More than 500 doctors sign on in support of Whitmer’s challenge to Michigan’s 1931 abortion ban
Hundreds of doctors across the state on Thursday announced their support for Democratic Gov. Gretchen Whitmer’s lawsuit challenging the state’s 1931 abortion ban.
Backed by more than 500 doctors, the Committee to Protect Health Care filed a brief supporting Whitmer’s lawsuit, which asks the Michigan Supreme Court to determine if the state Constitution protects the right to abortion.
While the 1931 law criminalizing abortion was ruled unconstitutional and unenforceable by a Michigan Court of Claims judge in early September, the ruling will likely be appealed.
According to the committee, a ruling from the Supreme Court protecting abortion would provide certainty for women and doctors in the state.
“When serious medical complications come up in pregnancy, doctors need to be able to act quickly, with the full range of treatment options, to protect the woman’s health and life,” Rossana DeGrood, an OB-GYN in Ann Arbor said in a statement.
“Michigan’s 1931 ban purports to permit abortions necessary to save a woman’s life, but this exception is too vague, and could prevent doctors from providing life-saving care for fear of prosecution,” DeGrood said.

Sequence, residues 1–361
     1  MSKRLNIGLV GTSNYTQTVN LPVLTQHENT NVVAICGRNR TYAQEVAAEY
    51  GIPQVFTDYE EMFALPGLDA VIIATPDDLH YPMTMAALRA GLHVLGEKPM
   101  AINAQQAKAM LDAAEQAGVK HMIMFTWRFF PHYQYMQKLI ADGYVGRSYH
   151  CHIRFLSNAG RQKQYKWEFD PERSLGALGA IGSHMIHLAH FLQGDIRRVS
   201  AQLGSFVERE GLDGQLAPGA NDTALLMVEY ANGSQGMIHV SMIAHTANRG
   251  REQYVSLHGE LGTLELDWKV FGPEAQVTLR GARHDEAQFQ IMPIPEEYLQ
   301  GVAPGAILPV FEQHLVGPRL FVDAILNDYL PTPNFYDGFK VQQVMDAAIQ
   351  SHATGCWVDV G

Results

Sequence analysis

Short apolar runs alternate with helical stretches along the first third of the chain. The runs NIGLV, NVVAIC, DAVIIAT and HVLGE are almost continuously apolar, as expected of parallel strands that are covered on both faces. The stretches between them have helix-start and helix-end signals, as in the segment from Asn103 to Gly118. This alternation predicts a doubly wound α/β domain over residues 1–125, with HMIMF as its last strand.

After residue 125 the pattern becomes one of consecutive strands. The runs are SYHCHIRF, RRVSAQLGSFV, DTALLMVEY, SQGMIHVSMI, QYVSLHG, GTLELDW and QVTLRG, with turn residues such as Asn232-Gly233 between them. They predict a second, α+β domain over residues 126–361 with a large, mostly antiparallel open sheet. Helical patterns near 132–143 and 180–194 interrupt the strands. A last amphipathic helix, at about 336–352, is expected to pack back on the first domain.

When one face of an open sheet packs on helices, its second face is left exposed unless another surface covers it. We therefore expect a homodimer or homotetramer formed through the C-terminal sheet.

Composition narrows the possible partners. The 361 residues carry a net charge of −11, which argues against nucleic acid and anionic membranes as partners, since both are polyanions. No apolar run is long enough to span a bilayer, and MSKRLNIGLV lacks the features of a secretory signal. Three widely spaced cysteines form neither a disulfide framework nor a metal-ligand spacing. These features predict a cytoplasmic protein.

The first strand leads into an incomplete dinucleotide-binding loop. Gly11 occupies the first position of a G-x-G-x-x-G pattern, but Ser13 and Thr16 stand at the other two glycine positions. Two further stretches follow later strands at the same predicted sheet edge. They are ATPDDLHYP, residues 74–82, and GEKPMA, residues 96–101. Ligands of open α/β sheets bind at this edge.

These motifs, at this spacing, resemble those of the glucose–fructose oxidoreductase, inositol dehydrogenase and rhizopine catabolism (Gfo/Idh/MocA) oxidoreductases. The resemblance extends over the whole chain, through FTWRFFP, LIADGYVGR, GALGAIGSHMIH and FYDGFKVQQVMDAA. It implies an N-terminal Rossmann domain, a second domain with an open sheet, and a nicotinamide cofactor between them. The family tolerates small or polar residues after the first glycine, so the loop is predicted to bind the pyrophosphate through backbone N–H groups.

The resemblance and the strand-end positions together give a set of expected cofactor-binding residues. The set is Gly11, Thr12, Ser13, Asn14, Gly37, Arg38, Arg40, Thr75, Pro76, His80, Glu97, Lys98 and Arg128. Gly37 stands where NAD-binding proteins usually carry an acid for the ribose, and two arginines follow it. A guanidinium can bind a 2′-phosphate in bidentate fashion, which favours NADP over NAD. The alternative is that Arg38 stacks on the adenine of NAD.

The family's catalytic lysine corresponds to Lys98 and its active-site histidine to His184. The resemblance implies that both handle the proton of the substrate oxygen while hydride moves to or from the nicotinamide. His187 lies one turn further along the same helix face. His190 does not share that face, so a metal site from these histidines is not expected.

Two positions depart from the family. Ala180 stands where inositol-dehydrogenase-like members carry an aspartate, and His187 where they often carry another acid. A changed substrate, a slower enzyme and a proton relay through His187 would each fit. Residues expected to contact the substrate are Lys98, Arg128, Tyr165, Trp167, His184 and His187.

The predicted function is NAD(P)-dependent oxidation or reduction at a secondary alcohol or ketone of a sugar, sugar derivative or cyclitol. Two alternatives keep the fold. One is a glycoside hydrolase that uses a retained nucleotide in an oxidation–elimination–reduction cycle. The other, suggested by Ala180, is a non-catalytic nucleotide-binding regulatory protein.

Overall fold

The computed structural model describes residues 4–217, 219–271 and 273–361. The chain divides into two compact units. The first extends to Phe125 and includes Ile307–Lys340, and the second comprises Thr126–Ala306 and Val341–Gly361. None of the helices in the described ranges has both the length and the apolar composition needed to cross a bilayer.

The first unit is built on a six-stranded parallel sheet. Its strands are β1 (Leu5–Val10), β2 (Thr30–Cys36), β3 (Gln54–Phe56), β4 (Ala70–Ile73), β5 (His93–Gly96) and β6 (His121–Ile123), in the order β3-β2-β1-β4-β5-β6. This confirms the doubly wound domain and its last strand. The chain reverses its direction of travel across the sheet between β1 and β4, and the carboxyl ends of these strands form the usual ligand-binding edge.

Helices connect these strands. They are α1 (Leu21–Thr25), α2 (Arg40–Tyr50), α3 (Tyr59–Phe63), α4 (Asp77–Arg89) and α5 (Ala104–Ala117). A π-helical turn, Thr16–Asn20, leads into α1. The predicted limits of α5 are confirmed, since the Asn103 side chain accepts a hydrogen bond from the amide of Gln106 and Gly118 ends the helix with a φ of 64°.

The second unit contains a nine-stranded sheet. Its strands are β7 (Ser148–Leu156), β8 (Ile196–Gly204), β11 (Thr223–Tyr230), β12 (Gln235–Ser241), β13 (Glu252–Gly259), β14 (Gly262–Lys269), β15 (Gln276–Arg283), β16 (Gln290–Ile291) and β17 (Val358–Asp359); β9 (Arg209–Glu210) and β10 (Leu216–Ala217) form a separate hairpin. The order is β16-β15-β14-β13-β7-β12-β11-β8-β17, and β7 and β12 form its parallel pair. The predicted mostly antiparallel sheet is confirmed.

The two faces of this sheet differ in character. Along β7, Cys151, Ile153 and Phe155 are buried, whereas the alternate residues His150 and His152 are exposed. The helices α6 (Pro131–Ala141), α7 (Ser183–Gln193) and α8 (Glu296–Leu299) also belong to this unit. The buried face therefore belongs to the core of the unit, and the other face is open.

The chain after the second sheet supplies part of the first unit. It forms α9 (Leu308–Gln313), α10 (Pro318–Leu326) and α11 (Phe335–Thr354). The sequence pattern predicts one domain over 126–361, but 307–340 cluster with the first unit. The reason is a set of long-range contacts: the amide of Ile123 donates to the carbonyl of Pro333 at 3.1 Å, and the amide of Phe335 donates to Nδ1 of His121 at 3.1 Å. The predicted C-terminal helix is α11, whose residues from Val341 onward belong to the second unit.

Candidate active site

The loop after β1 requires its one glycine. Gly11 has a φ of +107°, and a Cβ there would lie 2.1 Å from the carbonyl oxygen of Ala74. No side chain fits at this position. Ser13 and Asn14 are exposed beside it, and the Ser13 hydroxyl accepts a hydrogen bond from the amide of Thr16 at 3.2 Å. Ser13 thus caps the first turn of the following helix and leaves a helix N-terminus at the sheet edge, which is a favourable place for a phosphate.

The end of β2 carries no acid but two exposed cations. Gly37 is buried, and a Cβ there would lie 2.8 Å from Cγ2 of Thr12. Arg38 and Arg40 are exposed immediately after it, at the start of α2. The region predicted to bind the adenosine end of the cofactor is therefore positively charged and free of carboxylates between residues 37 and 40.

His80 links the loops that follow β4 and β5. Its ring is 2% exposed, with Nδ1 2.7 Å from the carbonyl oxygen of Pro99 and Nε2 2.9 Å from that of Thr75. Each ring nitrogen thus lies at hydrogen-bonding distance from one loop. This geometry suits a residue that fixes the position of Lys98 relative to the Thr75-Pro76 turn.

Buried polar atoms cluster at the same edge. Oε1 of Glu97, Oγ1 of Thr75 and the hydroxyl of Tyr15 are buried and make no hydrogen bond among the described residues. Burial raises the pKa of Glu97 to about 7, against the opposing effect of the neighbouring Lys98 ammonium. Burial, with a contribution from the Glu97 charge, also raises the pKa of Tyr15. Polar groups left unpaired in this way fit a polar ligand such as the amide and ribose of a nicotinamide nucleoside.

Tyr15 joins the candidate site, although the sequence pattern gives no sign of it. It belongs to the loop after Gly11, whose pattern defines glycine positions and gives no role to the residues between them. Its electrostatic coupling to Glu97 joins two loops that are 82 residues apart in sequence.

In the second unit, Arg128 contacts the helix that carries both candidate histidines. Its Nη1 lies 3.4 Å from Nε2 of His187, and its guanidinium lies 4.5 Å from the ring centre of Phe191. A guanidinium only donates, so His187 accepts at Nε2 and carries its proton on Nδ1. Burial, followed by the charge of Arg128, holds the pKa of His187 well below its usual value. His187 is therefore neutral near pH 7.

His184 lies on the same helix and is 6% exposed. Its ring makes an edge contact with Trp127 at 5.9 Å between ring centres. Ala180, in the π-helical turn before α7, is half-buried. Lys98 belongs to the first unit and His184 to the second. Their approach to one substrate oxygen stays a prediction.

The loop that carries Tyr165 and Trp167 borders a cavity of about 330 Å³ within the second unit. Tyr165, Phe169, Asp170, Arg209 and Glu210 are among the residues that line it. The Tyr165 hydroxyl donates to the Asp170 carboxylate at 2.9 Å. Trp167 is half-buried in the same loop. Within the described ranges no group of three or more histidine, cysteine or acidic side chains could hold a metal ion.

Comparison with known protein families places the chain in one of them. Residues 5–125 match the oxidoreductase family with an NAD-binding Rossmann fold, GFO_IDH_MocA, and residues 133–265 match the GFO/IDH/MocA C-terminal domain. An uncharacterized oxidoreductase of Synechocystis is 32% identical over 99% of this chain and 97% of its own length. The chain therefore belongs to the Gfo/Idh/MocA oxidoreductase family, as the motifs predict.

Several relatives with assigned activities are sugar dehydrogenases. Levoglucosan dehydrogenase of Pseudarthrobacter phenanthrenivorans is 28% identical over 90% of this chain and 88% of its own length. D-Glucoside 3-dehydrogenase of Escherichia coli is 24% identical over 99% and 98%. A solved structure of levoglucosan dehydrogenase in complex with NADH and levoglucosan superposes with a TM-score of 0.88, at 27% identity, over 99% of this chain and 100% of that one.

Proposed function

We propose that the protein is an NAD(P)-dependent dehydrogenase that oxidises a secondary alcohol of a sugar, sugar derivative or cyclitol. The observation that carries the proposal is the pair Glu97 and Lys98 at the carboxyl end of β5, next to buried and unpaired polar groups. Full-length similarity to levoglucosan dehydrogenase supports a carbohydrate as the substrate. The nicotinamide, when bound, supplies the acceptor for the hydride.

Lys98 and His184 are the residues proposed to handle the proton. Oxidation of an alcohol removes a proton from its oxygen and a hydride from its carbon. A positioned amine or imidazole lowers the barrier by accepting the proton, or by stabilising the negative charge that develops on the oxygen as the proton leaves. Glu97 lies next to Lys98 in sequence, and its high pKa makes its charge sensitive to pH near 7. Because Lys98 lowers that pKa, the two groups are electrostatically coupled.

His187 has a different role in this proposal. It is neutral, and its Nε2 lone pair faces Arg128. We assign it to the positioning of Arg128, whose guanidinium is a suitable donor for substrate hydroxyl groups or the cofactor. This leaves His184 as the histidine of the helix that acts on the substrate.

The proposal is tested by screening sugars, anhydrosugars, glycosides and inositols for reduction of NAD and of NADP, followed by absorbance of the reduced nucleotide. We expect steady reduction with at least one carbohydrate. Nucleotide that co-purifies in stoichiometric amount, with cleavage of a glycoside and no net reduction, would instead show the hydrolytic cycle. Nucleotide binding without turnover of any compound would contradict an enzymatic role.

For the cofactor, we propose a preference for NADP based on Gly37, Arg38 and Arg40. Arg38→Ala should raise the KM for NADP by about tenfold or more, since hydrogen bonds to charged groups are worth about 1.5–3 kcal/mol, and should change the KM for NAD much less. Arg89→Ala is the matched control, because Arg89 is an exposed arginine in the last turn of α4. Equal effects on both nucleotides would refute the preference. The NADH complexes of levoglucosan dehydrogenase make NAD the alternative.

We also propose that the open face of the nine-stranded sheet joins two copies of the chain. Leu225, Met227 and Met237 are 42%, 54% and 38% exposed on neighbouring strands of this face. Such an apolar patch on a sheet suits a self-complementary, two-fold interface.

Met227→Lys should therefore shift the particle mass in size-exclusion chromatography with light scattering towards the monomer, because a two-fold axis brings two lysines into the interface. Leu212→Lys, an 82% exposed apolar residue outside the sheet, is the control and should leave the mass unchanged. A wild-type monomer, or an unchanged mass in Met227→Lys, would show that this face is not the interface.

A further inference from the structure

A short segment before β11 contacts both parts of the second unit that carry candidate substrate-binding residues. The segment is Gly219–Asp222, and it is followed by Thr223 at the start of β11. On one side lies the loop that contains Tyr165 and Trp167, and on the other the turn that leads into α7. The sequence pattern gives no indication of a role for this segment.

Whitmer brought the suit in April. She is up for reelection on Nov. 8 and faces Republican Tudor Dixon, who support the 1931 abortion law.
Michigan voters will also decide on Proposal 3, which would enshrine the right to abortion and reproductive health care in the Michigan Constitution.
In its brief, the committee argues abortion is a safe, standard and essential health care procedure, and that the 1931 abortion law would significantly harm patients’ physical and mental health and safety.
“Michigan physicians are uniquely positioned to advocate for the safety and standards of care for our patients. We’re ethically obligated to put our opposition to the reinstatement of Michigan’s dangerous 1931 abortion ban before the Michigan Supreme Court,” Dr. Rob Davidson, executive director of the Committee to Protect Health Care said in a statement.
“Medical decisions for Michigan patients should be made solely by patients in consultation with physicians. The government has no place in the exam room between a physician and patient,” Davidson said.